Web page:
Source: IEC Blog (https://blog.iec.ch/)
Connection to the outside world has become more important in 2020 than ever before. Millions of people are teleworking, while students of all ages have got used to distance learning, because of COVID-19.
Other services such as healthcare and fitness and leisure are available through online services in the home.
Smart devices and services used across many sectors would not exist without electronic components. They are at the core of all connectivity. Sensors especially.
These can be active or passive. Active sensors require an external source of power to operate while passive sensors simply detect and respond to some type of input from the physical environment. They come in many shapes and forms: vision, flow, fibre optic, gas, motion, image, colour, light, pressure, infrared, photoelectric and so on.
Sensors and sensor systems are a key underpinning technology for a wide range of applications. They can be used to improve quality control and productivity in manufacturing processes by monitoring variables such as temperature, pressure, flow and composition.
They help ensure the environment is clean and healthy by monitoring the levels of toxic chemicals and gases emitted in the air, both locally and – via satellites – globally. They monitor area and regional compliance with environmental standards.
They enhance health, safety and security in the home and workplace through their use in air-conditioning systems, fire and smoke detection and surveillance equipment. They play a major role in medical devices, transportation, entertainment equipment and everyday consumer products.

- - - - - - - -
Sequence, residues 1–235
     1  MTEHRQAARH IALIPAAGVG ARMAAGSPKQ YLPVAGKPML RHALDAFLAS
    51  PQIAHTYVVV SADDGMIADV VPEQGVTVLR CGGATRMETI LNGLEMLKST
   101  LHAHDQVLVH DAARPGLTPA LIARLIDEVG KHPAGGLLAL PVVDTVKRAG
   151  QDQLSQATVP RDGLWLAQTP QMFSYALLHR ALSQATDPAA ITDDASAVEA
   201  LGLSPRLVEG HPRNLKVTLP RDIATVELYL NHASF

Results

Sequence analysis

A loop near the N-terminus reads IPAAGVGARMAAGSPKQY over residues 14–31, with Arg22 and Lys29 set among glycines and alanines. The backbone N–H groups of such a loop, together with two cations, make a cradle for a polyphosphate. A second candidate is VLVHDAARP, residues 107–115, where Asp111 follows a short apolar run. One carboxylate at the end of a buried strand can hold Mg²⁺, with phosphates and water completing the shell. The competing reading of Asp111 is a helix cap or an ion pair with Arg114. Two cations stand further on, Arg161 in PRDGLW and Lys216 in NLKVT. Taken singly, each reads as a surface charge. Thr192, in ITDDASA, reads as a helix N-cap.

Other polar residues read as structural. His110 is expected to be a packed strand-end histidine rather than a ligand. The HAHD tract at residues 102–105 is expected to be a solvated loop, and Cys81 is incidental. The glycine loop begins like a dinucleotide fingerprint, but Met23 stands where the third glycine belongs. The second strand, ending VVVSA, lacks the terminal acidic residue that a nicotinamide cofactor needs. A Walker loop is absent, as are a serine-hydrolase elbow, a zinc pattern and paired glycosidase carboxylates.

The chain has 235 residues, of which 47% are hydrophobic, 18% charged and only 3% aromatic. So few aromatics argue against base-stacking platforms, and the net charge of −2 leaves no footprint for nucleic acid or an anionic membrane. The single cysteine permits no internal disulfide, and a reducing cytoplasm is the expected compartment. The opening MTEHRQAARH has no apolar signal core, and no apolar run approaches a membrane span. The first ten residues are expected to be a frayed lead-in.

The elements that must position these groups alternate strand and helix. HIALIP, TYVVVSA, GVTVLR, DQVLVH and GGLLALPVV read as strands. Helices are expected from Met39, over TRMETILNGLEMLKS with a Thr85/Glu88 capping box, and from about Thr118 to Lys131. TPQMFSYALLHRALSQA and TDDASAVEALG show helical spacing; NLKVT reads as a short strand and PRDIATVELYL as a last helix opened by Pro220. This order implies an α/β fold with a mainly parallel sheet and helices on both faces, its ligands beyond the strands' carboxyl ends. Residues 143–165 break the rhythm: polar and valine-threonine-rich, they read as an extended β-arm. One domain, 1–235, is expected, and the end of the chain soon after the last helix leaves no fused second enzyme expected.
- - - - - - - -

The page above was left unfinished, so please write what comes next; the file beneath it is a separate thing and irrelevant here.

The importance of IEC Standards
IEC, through its technical committees, develops a huge number of international standards, which ensure that these new technologies are safe and reliable as well as interoperable.
For instance, IEC Technical Committee 47 prepares international standards for the design, manufacture, use and reuse of sensors and the IEC Systems Committee for active assisted living (IEC SyC AAL), develops standards which enable usability and accessibility of AAL systems and services, cross-vendor interoperability of AAL systems, services, products and components and address systems level aspects such as safety, security and privacy.
These allow all people to use services and products safely in their homes. (See: Active assisted living for everyone and IEC Systems committee for active assisted living expands scope)
Reliance on IECQ testing and certification
Electronic components must be accurate, reliable and high quality. Defective components can have serious consequences for humans and their environment.
They also have to meet the requirements of national or regional regulations concerning hazardous substances.
Manufacturers and suppliers of all types of electronic components throughout the world have a powerful tool at their disposal, enabling their products to meet the strictest requirements: IECQ testing and certification. IECQ is the IEC Quality Assessment System for Electronic Components.
As the worldwide approval and certification system covering the supply of electronic components, assemblies and associated materials and processes, IECQ tests and certifies components using quality assessment specifications based on IEC International Standards.
In addition, there is a multitude of related materials and processes that are covered by the IECQ schemes. IECQ certificates are used worldwide as a tool to monitor and control the manufacturing supply chain, thus helping to reduce costs and time to market, and eliminating the need for multiple re-assessments of suppliers.
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Contact BPS – The Philippines’ member to IEC
Bureau of Philippine Standards (BPS)
Department of Trade and Industry
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Makati City, Philippines